May 17, 2020

An enormous aquarium with perpetually crashing waves has popped up amidst an urban landscape in South Korea, but don’t expect to hear the water sloshing around if you walk by. Designed by District, the elevated tank is actually a massive anamorphic illusion. The digital media company created the public project utilizing the world’s largest advertising screen that spans 80.1 x 20.1 meters. As shown in the video, the deceptive aquarium looms over the outdoor area and splashes repeatedly into the sides. More Continue reading

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Homegrown Botanics Collaged into Conflict-Ridden Figures by Artist Meggan Joy
May 11, 2020

For Meggan Joy to begin creating her flowery assemblages, she first has to plant the seeds. The Seattle-based artist cultivates a plot in a community garden throughout the summer months, tending to each fern and vibrant petal. Once her patch is in full bloom, she captures thousands of individual photographs of her rooted plants before combining them into allegorical digital collages of the female body. Birds, butterflies, and other visitors to her garden make an appearance, as well. More Continue reading

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Home MuralFest: 67 Artists Simultaneously Painted Murals in Their Homes and Gardens While Quarantined
May 7, 2020

Similar to other muralists, Copenhagen-based artist Jacoba Niepoort was preparing for a busy period full of travel and public projects when COVID-19 canceled all of her plans. “I had been dreaming of methods for connecting individual, like-minded creatives who share common dreams within this multi-layered/directional world of art in the public space,” she tells Colossal. “When quarantine hit, I wanted to use the spaces we were in to create parallel individual works.”
Niepoort connected with Axel Void (previously), a Miami-based artist who leads a cultural platform designed to bring art out of conventional spaces. More Continue reading

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Illusory Street Typography Pops Off the Wall in Bold Murals by Ben Johnston
April 20, 2020

Toronto-based designer Ben Johnston plays with color, shadow, and perspective to create typography that appears three-dimensional in his site-specific murals. He’s a self-taught designer, spending time in the agency world of South Africa before moving back to his home country of Canada to pursue a freelance career focusing on branding and typography.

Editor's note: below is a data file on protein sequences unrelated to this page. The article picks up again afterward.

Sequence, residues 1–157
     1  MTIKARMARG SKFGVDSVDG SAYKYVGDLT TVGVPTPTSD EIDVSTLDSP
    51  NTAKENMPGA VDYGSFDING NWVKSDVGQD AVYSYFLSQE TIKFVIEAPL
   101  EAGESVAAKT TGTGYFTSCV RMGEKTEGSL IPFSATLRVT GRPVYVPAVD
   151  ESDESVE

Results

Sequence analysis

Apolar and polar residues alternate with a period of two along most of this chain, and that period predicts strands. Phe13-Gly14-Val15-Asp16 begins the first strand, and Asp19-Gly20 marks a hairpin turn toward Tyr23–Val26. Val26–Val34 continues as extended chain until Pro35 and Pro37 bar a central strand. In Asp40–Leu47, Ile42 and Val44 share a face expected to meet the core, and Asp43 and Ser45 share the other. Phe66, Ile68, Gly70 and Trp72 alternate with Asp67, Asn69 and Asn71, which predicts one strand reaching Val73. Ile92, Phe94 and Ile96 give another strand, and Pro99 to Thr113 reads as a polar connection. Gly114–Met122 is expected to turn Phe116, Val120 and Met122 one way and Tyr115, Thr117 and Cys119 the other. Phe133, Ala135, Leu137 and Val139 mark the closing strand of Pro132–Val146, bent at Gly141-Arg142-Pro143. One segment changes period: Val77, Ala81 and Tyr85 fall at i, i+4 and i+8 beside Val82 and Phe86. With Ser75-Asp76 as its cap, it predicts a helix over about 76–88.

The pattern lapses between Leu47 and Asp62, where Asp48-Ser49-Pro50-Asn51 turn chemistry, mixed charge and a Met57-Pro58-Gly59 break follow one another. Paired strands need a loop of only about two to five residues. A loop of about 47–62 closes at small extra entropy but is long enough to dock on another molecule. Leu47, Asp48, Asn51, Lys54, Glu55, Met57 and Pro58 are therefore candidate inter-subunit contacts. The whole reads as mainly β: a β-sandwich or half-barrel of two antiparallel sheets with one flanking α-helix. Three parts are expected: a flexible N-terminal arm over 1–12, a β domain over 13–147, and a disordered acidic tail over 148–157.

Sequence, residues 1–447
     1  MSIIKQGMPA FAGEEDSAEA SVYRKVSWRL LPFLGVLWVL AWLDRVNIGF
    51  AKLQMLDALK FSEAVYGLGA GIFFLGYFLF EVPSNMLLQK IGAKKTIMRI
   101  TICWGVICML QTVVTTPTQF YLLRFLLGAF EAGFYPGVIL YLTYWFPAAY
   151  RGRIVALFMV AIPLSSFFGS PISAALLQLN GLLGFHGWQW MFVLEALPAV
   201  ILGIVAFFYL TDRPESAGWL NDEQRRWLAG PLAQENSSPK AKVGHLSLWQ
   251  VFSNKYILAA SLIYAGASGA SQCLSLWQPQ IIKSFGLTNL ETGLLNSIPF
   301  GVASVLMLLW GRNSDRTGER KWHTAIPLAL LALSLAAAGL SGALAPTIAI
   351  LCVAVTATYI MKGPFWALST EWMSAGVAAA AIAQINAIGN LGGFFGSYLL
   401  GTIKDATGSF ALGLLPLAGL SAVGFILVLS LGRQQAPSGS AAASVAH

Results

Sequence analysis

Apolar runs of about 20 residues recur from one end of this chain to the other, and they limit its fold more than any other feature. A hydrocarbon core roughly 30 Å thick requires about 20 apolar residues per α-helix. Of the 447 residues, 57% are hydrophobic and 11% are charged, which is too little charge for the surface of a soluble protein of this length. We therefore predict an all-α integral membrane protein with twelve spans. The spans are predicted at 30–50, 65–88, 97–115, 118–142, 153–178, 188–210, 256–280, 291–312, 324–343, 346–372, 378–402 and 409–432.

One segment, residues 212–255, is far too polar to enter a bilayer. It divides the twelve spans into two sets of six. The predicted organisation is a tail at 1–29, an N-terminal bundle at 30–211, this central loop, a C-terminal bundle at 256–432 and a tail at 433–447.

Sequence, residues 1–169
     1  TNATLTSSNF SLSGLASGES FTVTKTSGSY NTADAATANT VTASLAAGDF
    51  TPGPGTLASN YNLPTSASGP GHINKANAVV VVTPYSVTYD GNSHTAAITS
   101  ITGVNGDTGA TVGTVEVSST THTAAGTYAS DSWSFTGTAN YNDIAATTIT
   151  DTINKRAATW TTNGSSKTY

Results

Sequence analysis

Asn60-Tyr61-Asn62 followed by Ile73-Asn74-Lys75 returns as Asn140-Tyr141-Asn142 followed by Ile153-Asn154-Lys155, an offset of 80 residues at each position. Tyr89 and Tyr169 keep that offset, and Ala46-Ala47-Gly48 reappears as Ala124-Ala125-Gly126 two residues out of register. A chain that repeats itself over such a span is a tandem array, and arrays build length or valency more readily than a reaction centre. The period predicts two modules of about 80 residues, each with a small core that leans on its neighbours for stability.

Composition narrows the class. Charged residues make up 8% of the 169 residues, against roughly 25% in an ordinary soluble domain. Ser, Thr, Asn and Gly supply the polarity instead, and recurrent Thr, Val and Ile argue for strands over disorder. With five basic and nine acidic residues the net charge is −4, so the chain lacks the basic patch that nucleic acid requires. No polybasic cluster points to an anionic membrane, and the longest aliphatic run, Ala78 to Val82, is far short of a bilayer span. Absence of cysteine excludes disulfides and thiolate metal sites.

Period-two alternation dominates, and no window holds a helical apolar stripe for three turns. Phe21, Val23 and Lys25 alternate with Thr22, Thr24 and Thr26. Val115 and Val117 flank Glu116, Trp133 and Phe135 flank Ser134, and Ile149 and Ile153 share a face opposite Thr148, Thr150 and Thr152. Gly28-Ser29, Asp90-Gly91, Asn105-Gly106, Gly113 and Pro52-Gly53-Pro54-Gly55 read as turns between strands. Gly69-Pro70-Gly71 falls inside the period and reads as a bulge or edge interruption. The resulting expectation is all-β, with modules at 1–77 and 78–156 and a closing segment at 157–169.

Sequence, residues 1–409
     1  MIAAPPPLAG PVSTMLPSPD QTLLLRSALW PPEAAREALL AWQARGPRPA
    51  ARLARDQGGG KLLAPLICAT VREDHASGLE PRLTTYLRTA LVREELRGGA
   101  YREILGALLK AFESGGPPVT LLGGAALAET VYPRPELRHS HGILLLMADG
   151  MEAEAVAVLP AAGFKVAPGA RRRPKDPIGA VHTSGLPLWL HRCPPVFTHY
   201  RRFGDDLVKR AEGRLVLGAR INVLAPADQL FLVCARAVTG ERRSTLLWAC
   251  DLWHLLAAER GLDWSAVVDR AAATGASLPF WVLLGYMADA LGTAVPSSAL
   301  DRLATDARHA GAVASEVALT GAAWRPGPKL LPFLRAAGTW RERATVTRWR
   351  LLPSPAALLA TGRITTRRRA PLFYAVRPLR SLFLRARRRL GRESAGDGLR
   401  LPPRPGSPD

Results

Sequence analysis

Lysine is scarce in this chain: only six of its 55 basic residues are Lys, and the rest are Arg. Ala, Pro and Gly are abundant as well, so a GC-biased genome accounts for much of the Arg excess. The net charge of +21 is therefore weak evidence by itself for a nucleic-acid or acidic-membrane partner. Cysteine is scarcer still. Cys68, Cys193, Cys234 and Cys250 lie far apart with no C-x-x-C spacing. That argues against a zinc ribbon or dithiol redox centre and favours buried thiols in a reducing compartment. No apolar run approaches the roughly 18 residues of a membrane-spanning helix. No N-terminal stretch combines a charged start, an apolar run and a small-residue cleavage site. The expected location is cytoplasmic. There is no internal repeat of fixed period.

Johnston happened upon mural painting when a friend asked him to create a piece for the entranceway of a new office building. More Continue reading

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Humans Stripped Down to Their Circulatory Systems Participate in Urban Life
April 19, 2020

Back in the early days of anatomical illustration (c. 1500 – c. 1800), artists often rendered the human figure within the lavish landscape of the anatomist’s hometown. These historical illustrations are part of what inspired photographer Jan Kriwol and CGI artist Markos Kay to create the photographic series Human After All. The main character is the human circulatory system in the context of mundane urban life—grocery shopping, eating a burger, and even taking a cigarette break. More Continue reading

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Thao & the Get Down Stay Down Films a Synchronized Music Video on a Zoom Call
April 18, 2020

Zoom has been having its moment as many companies’ platform of choice for virtual meetings and conference calls, but Thao & the Get Down Stay Down recently found a more creative and amusing use for the digital communication tool. With its tour paused and everyone stuck at home, the Oakland-based band decided to shoot a music video for its new single, “Phenom,” that begins with Thao Nguyen, who leads the indie group, starting a Zoom call. More Continue reading